Synthesis of biodiesel from chicken waste using egg shell as catalyst

Order of Publishing in Issue: 
2
Volume :14
Issue :2
April, 2020 - June, 2020
Page No: 
134-140,
Authors: 
Anusha .G and Judia Harriet Sumathy .V
Address: 
PG & Research Department of Biotechnology Women’s Christian College, Chennai – 600006
Email-ID: 
judiawcc@gmail.com

Biodiesel (Greek, bio = life + diesel = from Rudolf Diesel) refers to diesel equivalent, processed from biological sources. Biodiesel is otherwise referred as “neat” fuel. It is a fuel derived from a chemical reaction of alcohol (methyl, ethyl, butyl, propyl, isopropyl) and vegetable or animal oils, fats, or greases. These oils or fats are chemically altered in order to use in any diesel engine, with little or no modification. A process called transesterification removes the glycerin component of the oil (which is a triglyceride molecule), resulting in a much thinner, or less viscous product, which stays down to much lower temperatures. It significantly reduces harmful pollutants, as well as carbon dioxide gas and reduces our vehicles contribution to climate change. Current oil and gas reserves are sufficing to last only a few more decades. The scarcity of known petroleum reserves will make renewable energy sources more attractive. To meet the rising energy demand and replace petroleum reserves, fuels, natural gas etc., Biodiesel is in the forefront of alternative technologies. The first record of Biodiesel usage was in 31st August 1937, by the University of Brussels, Belgium who conducted transesterification of vegetable oil using ethanol in order to separate the fatty acids from glycerol by replacing the glycerol with short liner alcohols. More recently Renault and Peugeot have approved the use of biodiesel in some of their own truck engines. In 1991, the European Community (EC) proposed a 90% tax deduction for the use of biofuels, including biodiesel. Now a days each of the plant are producing up to >1.5 billion gallons of fuel per year. The European Union accounted for nearly 89% of all biodiesel production worldwide in 2005. The present study is aimed at Synthesis of Biodiesel from Chicken Waste using Egg Shell as Catalyst.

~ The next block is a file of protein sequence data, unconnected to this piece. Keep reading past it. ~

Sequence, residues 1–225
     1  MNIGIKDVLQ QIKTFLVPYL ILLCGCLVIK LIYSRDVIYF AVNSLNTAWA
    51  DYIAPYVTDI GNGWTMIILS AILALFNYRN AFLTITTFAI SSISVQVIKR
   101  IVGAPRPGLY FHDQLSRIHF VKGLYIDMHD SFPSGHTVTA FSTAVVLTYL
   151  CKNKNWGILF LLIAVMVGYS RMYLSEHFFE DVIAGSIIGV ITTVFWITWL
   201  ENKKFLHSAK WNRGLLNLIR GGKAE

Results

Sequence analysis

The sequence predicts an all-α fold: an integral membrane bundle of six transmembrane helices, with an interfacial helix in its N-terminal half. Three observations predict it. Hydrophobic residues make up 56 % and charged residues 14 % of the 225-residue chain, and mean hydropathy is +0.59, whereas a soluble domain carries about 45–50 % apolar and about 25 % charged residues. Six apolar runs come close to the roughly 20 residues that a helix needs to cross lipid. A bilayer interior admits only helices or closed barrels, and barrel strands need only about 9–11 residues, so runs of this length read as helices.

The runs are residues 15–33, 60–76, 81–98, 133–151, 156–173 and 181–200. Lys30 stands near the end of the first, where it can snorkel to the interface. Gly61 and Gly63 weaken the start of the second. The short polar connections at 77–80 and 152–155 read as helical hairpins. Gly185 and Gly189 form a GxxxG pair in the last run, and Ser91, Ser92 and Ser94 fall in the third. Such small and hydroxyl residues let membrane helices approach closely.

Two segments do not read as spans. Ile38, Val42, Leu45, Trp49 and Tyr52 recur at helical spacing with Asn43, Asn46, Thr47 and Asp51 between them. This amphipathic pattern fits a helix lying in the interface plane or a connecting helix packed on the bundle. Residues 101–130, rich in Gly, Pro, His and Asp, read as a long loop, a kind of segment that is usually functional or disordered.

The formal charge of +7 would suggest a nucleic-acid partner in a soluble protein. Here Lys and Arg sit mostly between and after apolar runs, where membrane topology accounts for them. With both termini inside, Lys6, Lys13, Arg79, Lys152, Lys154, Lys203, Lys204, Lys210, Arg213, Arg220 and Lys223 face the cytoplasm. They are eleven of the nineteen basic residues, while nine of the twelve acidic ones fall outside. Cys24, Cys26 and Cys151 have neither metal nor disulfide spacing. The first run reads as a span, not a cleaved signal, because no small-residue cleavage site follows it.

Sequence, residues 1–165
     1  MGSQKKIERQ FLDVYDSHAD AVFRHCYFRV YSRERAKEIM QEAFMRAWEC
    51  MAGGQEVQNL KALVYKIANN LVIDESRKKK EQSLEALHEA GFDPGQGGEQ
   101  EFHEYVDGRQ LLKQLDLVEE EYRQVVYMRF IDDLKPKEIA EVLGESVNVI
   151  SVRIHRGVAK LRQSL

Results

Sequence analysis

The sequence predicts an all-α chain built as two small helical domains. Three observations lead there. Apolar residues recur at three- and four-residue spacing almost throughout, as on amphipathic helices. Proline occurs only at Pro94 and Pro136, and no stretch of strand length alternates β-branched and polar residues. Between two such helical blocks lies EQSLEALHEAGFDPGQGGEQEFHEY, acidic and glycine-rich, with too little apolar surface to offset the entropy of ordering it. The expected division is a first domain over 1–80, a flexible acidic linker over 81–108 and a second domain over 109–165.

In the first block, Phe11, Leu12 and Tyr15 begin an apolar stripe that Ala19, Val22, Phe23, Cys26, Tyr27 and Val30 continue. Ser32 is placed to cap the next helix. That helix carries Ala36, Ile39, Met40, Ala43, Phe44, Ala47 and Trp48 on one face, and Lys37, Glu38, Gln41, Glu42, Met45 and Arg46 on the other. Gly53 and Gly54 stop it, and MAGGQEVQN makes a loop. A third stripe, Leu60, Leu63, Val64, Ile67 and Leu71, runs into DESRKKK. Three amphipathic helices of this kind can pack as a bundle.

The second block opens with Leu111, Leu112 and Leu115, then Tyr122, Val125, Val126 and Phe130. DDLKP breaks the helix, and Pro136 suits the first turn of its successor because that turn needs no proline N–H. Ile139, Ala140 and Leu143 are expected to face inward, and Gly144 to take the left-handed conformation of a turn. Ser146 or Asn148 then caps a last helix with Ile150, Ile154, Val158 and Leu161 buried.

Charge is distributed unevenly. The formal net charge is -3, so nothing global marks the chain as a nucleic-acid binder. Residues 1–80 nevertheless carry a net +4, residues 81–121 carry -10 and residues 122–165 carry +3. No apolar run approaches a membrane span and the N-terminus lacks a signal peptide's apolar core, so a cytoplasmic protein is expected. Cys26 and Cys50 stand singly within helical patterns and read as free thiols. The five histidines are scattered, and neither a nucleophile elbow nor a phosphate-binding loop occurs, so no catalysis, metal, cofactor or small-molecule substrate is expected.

Keywords: 
Biodiesel, Transesterification, Chicken Waste, Egg Shell and Catalyst.
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